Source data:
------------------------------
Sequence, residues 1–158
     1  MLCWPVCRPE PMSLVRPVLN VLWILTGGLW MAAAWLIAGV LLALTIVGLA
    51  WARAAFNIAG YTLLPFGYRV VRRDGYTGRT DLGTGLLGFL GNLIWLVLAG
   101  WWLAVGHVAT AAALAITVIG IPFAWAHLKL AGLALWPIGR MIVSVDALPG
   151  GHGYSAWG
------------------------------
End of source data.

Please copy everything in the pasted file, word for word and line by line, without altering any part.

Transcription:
Sequence, residues 1–158
     1  MLCWPVCRPE PMSLVRPVLN VLWILTGGLW MAAAWLIAGV LLALTIVGLA
    51  WARAAFNIAG YTLLPFGYRV VRRDGYTGRT DLGTGLLGFL GNLIWLVLAG
   101  WWLAVGHVAT AAALAITVIG IPFAWAHLKL AGLALWPIGR MIVSVDALPG
   151  GHGYSAWG